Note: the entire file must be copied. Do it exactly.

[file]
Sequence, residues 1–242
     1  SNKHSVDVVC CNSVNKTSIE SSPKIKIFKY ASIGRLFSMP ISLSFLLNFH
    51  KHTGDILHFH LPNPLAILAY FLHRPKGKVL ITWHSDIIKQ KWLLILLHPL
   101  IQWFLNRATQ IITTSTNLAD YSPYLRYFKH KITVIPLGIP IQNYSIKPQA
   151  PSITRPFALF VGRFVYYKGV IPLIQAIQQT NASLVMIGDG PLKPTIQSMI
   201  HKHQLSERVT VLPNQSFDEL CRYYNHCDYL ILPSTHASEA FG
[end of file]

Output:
Sequence, residues 1–242
     1  SNKHSVDVVC CNSVNKTSIE SSPKIKIFKY ASIGRLFSMP ISLSFLLNFH
    51  KHTGDILHFH LPNPLAILAY FLHRPKGKVL ITWHSDIIKQ KWLLILLHPL
   101  IQWFLNRATQ IITTSTNLAD YSPYLRYFKH KITVIPLGIP IQNYSIKPQA
   151  PSITRPFALF VGRFVYYKGV IPLIQAIQQT NASLVMIGDG PLKPTIQSMI
   201  HKHQLSERVT VLPNQSFDEL CRYYNHCDYL ILPSTHASEA FG